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Ambassador Ahmet Muhtar, Henry Ford, and Detroit’s Turks

Ambassador Ahmet Muhtar, Henry Ford, and Detroit’s Turks

101 years ago on April 20th, just two weeks after the United States declared war against the Imperial German Government, Turkey severed diplomatic relations with the United States. This interruption would take a decade before the ties were eventually reestablished in 1927, after an exchange of notes in Ankara, Turkey. The aftermath of this rupture would change the US-Turkey relations dramatically.

On May 19th, 1927, Joseph Clark Grew was appointed as the first American Ambassador to the Turkish Republic. Grew was a career diplomat who served the U.S. government for over forty years and his impressive career included two ambassadorships. He was also the American representative at the Lausanne Conference, and after the completion of the Lausanne Treaty, Joseph Grew and Ismet Pasha had remained in Lausanne to complete the details of the separate treaty between the United States and the Government of Ankara.

Before his post in Turkey, Grew had served as the Ambassador to Denmark (1920–1921) and Ambassador to Switzerland (1921-1924) and the Under Secretary of State (1924-1927). His appointment in fact was an indication of importance that the State Department attached to its relations with the Turkish Republic. Grew also had one of the best reputations in the entire American diplomatic corps as a keen negotiator of difficult matters. On August 1st, 1927, the Grews started their journey on SS Leviathan and anchored off Galata on September 18. When they arrived, their Cadillac car, a Turkish chauffeur and kavas (embassy guard) were waiting for them and then the family headed to their residence at Palazzo Corpi in Istanbul’s Beyoğlu district. In his first year, Ambassador Grew would be very popular in Turkey when he jumped from a ferryboat into the Bosphorus to save a Turkish woman who leaped overboard.[1]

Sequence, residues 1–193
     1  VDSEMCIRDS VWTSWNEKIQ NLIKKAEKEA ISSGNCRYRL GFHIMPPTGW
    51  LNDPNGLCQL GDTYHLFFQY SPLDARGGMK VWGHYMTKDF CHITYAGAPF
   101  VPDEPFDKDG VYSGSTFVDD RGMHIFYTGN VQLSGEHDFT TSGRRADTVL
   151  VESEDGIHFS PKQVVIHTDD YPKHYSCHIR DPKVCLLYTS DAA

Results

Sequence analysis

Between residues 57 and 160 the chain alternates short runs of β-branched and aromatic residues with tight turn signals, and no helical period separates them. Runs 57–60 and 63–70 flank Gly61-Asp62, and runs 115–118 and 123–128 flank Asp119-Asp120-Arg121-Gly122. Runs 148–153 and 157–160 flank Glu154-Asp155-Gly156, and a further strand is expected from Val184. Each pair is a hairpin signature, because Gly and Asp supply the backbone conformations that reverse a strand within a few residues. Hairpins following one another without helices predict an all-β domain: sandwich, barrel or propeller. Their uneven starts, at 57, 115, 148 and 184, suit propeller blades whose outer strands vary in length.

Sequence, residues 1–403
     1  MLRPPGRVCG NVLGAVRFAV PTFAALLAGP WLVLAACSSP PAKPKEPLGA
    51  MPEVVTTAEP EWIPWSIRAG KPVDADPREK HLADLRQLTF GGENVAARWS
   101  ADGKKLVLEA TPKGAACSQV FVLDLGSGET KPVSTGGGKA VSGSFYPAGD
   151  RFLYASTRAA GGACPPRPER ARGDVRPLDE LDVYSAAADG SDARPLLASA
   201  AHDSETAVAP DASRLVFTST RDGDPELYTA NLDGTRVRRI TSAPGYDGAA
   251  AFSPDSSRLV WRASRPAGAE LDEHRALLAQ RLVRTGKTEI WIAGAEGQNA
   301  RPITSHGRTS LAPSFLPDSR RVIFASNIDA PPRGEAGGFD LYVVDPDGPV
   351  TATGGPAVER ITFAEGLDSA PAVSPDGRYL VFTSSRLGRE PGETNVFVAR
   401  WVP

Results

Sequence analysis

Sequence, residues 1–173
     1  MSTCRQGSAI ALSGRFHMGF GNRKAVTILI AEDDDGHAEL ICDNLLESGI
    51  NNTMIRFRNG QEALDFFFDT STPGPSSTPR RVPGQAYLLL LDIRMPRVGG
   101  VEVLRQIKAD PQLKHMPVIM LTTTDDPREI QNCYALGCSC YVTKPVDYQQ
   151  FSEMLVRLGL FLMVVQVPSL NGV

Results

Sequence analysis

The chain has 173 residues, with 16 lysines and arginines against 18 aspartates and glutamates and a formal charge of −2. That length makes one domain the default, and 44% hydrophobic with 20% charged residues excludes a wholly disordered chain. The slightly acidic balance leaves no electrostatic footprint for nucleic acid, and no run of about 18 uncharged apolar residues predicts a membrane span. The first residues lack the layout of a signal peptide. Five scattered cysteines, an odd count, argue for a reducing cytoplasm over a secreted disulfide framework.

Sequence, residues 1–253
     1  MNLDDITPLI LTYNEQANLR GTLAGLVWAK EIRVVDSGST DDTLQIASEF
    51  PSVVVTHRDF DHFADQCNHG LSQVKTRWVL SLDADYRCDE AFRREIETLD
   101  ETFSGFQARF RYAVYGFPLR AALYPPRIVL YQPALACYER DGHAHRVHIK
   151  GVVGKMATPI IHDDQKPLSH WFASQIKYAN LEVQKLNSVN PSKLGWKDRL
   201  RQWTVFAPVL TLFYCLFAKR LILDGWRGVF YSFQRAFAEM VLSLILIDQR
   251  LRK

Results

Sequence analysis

Paving the way to the normalization of diplomatic relations after a 10-year rupture was also the appointment of Ahmet Muhtar as the first ambassador of the Turkish Republic to the United States. Having started his diplomatic career as the second secretary to the Ottoman Embassy in Stockholm, he later returned to Istanbul and worked at various posts in the Ottoman government including having served as a translator to the Grand Vizier. When Grew came to Turkey, Muhtar was still in the country. In fact, Ambassador Muhtar’s delay in commencing his post in the U.S. worried Ambassador Grew, who was concerned about some opposition to his appointment for the ambassadorship to Turkey that was yet to be confirmed by the Senate.